American Jews say they face discrimination in the U.S., but they see Muslims, gays, and blacks facing far more.
This and other findings from the recently released Pew Research Center’s landmark study on Jewish Americans help make the case that Jews — once unwelcome in many a neighborhood, universitym, and golf club — now find themselves an accepted minority.
“While there are still issues, American Jews live in a country where they feel they are full citizens,” said Kenneth Jacobson, deputy national director of the Anti-Defamation League, which was founded in 1913 to combat anti-Semitism.
“You have (Jewish) Ivy League presidents in schools that used to have Jewish quotas,” he said.
Most American Jews are descendants of the great migration of Jews to the U.S. from 1880 to 1920. Today, they make up little more than 2 percent of the population, but their influence is outsized. Jews make up 10 percent of the U.S. Senate, and they lead major cities, corporations, philanthropies, and arts organizations.
Anti-Semitism has most certainly waned in the U.S.
The ADL’s 1964 benchmark survey, conducted by University of California researchers, showed that 29 percent of Americans held hard-core anti-Semitic views. The ADL’s latest poll, in 2011, found that 15 percent did.
But interpreted differently, the Pew numbers can also paint a portrait of a Jewish community that sees anti-Semitism as a persistent problem.
The more than four in ten (43 percent) Jewish Americans who see Jews facing “a lot” of discrimination in the U.S. is still a “pretty substantial” proportion, said Alan Cooperman, co-author of the Pew study, “A Portrait of American Jews.”
Seventy-two percent of American Jews surveyed believe that Muslims face “a lot” of discrimination in the U.S., and the same percentage said gays and lesbians face such levels of bigotry. Slightly fewer — 64 percent — said blacks face such prejudice.
“One way of looking at these numbers is to say that Jews perceive a lot of discrimination against a whole bunch of groups in American life,” Cooperman said.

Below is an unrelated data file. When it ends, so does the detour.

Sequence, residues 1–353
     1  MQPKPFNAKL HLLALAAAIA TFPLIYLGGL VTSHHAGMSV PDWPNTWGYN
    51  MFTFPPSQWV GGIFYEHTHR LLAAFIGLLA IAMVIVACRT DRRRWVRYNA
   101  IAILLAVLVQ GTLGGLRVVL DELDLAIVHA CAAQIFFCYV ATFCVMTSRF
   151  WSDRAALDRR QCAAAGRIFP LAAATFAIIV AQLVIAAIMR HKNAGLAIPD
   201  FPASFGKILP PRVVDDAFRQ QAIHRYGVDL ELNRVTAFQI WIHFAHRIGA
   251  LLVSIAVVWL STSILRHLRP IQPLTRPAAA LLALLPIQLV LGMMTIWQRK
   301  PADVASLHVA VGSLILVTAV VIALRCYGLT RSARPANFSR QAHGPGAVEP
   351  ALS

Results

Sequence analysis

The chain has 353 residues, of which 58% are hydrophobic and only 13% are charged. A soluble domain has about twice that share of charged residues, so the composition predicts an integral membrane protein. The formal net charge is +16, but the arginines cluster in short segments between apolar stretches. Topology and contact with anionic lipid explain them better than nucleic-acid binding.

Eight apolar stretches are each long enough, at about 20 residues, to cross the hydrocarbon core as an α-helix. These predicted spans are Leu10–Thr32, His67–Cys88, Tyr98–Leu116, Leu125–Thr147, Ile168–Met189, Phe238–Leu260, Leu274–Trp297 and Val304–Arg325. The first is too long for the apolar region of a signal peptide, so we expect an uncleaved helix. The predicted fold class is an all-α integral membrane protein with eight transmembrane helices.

Reform Rabbi Rick Jacobs, head of the largest movement of Judaism in North America, called Jews’ perceptions of prejudice against others “inspiring.”
“Because of our somewhat painful history of persecution, we have a deep sensitivity to the suffering of others,” he said.
Ibrahim Hooper, spokesman for the Council on American-Islamic Relations, said the Pew numbers reflect the reality of “an increasing Islamophobia in American society today.”
Islam is the least favorably viewed of four U.S. religions in a 2010 Gallup poll, with nearly a third (31 percent) of Americans saying their feelings about Islam were “not favorable at all.”
The Pew pollsters posed one other very direct question about anti-Semitism: “In the past year, have you either been called an offensive name or been snubbed in a social setting because you are Jewish?”
To one or the other question, 15 percent of Jews said they had.
The number was higher for Orthodox Jews, 21 percent, who wear kippot (skullcaps), sideburn curls and other distinctly Jewish markers.
But researchers were surprised that younger Jews were far more likely than older Jews to say they had been called an offensive name: 22 percent of those 30 and under said they had an epithet hurled at them within the past year, compared to 5 percent of those 50 and older.
Cooperman speculated it could be that young people are likely to “bounce up against more strangers” or that they live in what some people consider a “coarser” society.
Kayla Sokoloff, a junior at the University of Texas, where she is involved in Jewish life, said she hasn’t experienced any anti-Semitism in the past year and isn’t sure how to explain the statistic either.
As the “token” Jew in her high school, she said, her Jewishness more astonished classmates than inspired them to taunt her. But she was often called “Jewks” — “Jew” plus her initials — and a boy once came up to her to tell her that his stepbrother uses “Jew” as a curse word.
The darkest expressions of anti-Jewish sentiment show up in the 2011 FBI statistics, which counts 771 hate crimes against Jews, more than any other religious group.
That year, the agency counted 2,076 hate crimes against blacks, 1,293 against gays and 157 against Muslims. But the statistics do not capture unreported crimes and noncriminal acts of bias or hate speech.
The general comfort Jews seem to feel in the U.S. is not shared by their counterparts in Europe.
A 2012 ADL study showed majorities or large minorities in most European countries endorsing statements considered indicators of prejudice, for example: “Jews have too much power in the business world” and “Jews talk too much about the Holocaust.”
“Overall the situation of European Jews is not dire,” said Jacobson. “But it is of concern.”
Lauren Markoe covered government and features as a daily newspaper reporter for 15 years before joining the Religion News Service staff as a national correspondent in 2011. She previously was Washington correspondent for The State (Columbia, S.C.).